Fundamentally, this is a county that is lying to itself, and twisting logic into the pretzel shape of its curviest roads. In opposing the immigrant sanctuary laws, the county supervisors portrayed themselves as patriots honoring federal supremacy—even if it means collaborating with the Trump Administration’s punitive mass deportations that are increasingly targeting non-criminals. But in the next breath, as supervisors dropped the homeless plan, they suggested that they were standing up for local sovereignty in the face of demands by the same federal government: A U.S. district judge has pushed the county to address the homeless issue.

In this and other cases, Orange County officials have portrayed themselves as weak, playing the victim. In the immigration case, they saw themselves as the targets of a state somehow bullying them to protect their own immigrants. In the homeless case, the pretense is that Orange County can’t afford to house a few thousand homeless people. In Costa Mesa, where the city council also opposed new housing for the homeless, Councilman Jim Righeimer declared that, “There’s not enough money, anywhere—anywhere—to take care of people who do not want to take care of themselves.”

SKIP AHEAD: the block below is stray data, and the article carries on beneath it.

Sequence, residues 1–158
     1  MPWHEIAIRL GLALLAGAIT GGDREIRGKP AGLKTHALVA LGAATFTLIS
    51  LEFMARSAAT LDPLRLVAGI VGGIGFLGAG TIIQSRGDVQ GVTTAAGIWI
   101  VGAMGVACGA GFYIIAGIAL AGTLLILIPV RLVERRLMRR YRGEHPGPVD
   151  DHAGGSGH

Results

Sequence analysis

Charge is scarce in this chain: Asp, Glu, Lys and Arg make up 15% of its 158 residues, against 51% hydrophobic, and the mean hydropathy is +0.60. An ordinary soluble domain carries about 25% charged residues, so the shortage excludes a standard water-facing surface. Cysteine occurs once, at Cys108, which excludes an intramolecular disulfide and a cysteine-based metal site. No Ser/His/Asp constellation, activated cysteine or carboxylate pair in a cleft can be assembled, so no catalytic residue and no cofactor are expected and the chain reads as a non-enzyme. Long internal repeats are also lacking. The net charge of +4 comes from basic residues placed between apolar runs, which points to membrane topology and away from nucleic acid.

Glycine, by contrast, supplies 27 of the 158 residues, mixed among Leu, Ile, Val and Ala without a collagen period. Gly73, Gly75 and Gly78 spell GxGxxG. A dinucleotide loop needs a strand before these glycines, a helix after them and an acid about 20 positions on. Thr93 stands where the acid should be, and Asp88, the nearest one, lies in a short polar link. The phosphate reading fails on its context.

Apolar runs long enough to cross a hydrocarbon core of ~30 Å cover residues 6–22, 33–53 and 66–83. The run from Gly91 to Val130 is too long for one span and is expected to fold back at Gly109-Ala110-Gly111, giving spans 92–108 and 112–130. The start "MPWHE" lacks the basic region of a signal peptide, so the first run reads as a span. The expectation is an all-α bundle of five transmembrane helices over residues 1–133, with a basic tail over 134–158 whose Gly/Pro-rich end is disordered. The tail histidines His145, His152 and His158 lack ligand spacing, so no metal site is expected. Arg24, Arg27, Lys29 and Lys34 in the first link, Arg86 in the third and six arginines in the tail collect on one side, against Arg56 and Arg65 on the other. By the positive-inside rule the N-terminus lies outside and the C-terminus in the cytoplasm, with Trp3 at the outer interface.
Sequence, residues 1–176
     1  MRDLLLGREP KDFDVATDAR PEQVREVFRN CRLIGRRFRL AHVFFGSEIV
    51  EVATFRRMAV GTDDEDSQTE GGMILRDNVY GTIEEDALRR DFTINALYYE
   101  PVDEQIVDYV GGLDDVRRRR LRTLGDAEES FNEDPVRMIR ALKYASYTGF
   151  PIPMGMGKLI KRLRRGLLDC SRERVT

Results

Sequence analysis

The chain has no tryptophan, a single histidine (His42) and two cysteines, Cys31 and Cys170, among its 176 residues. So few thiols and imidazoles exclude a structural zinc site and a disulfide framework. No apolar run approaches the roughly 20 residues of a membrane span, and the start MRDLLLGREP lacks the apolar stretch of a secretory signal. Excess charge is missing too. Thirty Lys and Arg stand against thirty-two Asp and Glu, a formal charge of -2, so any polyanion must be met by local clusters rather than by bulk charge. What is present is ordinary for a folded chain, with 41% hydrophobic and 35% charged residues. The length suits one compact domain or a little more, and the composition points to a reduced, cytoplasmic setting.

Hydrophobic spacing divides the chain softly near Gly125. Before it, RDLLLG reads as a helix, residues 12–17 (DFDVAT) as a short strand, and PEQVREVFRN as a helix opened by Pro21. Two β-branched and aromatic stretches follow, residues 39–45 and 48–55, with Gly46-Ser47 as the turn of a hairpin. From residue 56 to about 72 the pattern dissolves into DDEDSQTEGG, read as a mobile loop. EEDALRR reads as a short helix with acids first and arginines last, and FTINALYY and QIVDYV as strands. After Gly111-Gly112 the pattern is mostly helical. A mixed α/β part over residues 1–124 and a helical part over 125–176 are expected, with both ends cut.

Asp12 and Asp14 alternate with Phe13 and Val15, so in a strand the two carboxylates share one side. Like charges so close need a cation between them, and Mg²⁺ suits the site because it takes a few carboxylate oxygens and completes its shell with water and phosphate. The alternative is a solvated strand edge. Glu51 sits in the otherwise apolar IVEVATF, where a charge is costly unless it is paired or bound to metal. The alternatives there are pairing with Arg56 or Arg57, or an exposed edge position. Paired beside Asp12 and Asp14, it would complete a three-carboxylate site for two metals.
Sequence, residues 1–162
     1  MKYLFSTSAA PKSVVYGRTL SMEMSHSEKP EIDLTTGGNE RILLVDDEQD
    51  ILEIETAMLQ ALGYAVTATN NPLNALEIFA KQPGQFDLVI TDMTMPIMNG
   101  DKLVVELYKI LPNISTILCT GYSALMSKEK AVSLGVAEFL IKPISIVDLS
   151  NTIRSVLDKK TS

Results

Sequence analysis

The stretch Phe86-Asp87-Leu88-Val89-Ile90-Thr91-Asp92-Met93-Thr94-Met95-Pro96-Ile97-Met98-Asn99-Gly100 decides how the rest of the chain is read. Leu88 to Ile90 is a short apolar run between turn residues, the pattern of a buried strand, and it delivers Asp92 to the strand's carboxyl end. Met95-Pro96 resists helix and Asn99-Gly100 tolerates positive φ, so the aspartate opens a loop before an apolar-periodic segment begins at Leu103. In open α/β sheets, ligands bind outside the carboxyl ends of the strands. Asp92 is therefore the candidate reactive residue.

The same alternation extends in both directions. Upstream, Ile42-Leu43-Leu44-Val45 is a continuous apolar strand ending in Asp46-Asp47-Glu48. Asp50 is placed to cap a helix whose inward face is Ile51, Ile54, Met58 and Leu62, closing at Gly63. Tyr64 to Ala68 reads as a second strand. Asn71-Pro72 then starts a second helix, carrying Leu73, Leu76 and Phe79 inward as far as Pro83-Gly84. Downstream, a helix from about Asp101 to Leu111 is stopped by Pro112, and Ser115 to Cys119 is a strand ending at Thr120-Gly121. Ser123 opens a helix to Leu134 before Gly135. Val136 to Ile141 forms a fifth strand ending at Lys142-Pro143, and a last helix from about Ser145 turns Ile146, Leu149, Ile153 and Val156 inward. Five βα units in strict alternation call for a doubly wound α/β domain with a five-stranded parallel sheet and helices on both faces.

Cry me a Santa Ana River.

There is another danger of the county’s Mayberry complex. By clinging to its old image as a collection of NIMBY-ish small towns, and by failing to acknowledge that it has become a sprawling, diverse, heavily urbanized region with big city headaches to match its big city amenities, Orange County has made itself profoundly vulnerable to sophisticated mismanagement and persistent corruption.